Filmmakers behind 99%: The Occupy Wall Street Collaborative Film: Aaron Aites, Audrey Ewell, Nina Krstic, and Lucian Read are all credited as directors on this documentary, which, in true horizontal fashion, draws on supporters across the country for both footage and (via Kickstarter) funds. Aites and Ewell previously made the 2009 black metal doc Until the Light Takes Us; Krstic and Read both have experience in documentary TV.
Kaya Scodelario: Fans of the original British version of Skins might recognize Kaya Scodelario for her role as Effy Stonem, the troubled younger sister of Nicholas Hoult's Tony Stonem and, later, a central figure on the teen soap series. Now the young actress might make a few more fans stateside, thanks to a leading role in Emanuel and the Truth About Fishes, in which Scodelario plays a young woman who begins a friendship with a neighbor that eerily resembles her deceased mother. Directed by Francesca Gregorini and co-produced by Rooney Mara and Tatiana Von Furstenberg, the film also stars Jessica Biel and Alfred Molina.
Miles Teller: Even if you've never heard his name, get used to it because you'll be seeing quite a bit of Miles Teller soon. His starring role in Sundance film The Spectular Now as a popular -- but alcoholic -- high-school guy with no plans for the future who becomes involved with a less-popular classmate played by Shailene Woodley, is joined by a smattering of roles in films like Get a Job, 21 And Over, Two Night Stand, and Are We Officially Dating?, making him poised to be the next go-to guy for college flicks and buddy comedies.
TeQuan Richmond: Having played younger brother Drew Rock on Everybody Hates Chris for five years, the 20-year-old Richmond tries something else entirely in Blue Caprice, playing Lee Boyd Malvo, a perpetrator, along with John Allen Muhammad (Isaiah Washington), of October 2002's Beltway sniper attacks.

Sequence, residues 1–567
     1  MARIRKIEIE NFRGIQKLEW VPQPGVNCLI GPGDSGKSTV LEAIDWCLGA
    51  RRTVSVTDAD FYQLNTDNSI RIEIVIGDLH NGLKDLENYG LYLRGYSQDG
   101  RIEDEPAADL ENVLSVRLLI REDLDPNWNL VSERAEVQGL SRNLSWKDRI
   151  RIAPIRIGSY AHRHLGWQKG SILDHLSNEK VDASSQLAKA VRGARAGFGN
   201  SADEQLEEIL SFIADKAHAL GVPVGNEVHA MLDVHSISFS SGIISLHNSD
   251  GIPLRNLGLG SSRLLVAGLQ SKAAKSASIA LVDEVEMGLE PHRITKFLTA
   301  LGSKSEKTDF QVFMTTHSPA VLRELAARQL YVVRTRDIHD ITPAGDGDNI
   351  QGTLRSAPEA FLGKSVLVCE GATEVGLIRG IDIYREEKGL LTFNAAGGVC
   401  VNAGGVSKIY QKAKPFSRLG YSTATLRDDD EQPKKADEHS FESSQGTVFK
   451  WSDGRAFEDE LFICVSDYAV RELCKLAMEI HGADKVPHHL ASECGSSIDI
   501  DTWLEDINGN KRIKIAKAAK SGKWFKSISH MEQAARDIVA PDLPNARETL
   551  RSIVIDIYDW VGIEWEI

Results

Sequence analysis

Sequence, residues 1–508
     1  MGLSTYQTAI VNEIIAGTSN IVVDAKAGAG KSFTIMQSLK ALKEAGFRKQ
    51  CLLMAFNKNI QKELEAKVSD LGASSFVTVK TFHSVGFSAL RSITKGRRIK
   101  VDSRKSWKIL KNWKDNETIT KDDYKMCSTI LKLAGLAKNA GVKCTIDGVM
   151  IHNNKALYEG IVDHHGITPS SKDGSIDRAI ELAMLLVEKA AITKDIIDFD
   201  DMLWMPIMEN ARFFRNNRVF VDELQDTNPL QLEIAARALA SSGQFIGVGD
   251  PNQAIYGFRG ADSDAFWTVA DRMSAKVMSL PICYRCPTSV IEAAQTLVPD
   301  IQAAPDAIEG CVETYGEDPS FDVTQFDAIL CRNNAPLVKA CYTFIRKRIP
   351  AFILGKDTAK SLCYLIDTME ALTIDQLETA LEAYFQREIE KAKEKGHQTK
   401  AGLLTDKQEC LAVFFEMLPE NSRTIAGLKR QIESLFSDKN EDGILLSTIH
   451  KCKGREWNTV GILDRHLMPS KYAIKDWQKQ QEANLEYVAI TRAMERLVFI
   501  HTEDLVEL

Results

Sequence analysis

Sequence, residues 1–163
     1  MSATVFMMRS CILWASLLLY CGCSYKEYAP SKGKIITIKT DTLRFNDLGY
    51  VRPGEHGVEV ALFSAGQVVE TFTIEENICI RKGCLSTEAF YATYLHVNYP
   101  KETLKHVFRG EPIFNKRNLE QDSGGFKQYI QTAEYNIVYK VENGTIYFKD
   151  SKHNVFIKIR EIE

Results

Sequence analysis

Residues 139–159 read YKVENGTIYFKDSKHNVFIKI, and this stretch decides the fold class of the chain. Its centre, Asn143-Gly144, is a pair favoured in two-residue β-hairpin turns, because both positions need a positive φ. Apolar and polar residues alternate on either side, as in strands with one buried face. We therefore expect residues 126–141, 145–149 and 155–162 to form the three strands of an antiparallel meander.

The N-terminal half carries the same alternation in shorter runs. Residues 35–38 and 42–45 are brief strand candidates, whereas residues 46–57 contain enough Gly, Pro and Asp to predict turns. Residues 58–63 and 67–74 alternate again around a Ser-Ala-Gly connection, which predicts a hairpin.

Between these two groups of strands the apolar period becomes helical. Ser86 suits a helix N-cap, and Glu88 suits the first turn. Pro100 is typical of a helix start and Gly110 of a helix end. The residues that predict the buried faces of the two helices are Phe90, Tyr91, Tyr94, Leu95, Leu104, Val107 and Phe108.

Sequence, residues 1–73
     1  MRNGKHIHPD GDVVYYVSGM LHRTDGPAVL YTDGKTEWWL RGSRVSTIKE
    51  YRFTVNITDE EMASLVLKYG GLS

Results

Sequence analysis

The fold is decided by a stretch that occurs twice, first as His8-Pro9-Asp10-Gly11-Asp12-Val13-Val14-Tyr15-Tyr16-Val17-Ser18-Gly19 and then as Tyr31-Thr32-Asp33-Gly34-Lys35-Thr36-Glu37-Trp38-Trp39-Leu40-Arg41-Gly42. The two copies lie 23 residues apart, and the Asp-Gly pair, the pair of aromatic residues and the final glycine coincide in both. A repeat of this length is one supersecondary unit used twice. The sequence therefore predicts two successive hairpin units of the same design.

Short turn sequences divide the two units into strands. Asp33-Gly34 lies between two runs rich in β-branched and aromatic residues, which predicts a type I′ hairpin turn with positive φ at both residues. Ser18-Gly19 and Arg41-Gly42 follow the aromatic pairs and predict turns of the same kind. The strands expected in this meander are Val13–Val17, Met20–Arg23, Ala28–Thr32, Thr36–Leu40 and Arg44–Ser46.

Casey Wilson: Wilson is one of our favorite women in comedy, seeing as she's responsible for some of the best one-liners and catch phrases from Happy Endings. It looks like she's about to make us cackle again as Chloe in Ass Backwards, a comedy that centers on two best friends who take a cross-country trip back home in order to win a beauty pageant that they lost when they were children. We hope there's a Honey Boo-Boo cameo.
Zal Batmanglij: After 2011's Sound of My Voice, director Zal Batmanglij (brother of Vampire Weekend's Rostam Batmanglij) teams up again with Brit Marling on his sophomore feature, The East, a film centered on an ex-FBI agent's infiltration of an anarchist collective that is thought responsible for a spate of attacks on high-powered corporate CEOs. In addition to Marling, Batmanglij has enlisted Alexander Skarsgård, Ellen Page, Patricia Clarkson, Shiloh Fernandez and Toby Kebbell to round out his psychological thriller. And, with Ridley Scott tapped to co-produce, we bet the young director will quickly start adding more credits to his name.
Michael B. Jordan: At only 24-years-old, Michael B. Jordan has appeared on three critically-acclaimed TV shows -- The Wire, Friday Night Lights and Parenthood -- and his upcoming starring role in Fruitvale might finally cause people to associate the moniker with more than just basketball. In the film, which is based on true events, Jordan plays a young Bay Area man who was shot to death by BART officers at the stop that lends its name to the movie title. Directed by 26-year-old Bay Area filmmaker Ryan Coogler, the film also stars Octavia Spencer, Ahna O'Reilly, Chad Michael Murray, Kevin Durand and Melonie Diaz.
Hannah Fidell: Fidell wrote, directed and produced A Teacher, her debut feature about a teacher-student affair in suburban Texas, that reunited the director with Lindsay Burdge, the star of her 2010 post-grad mini-feature We're Glad You're Here.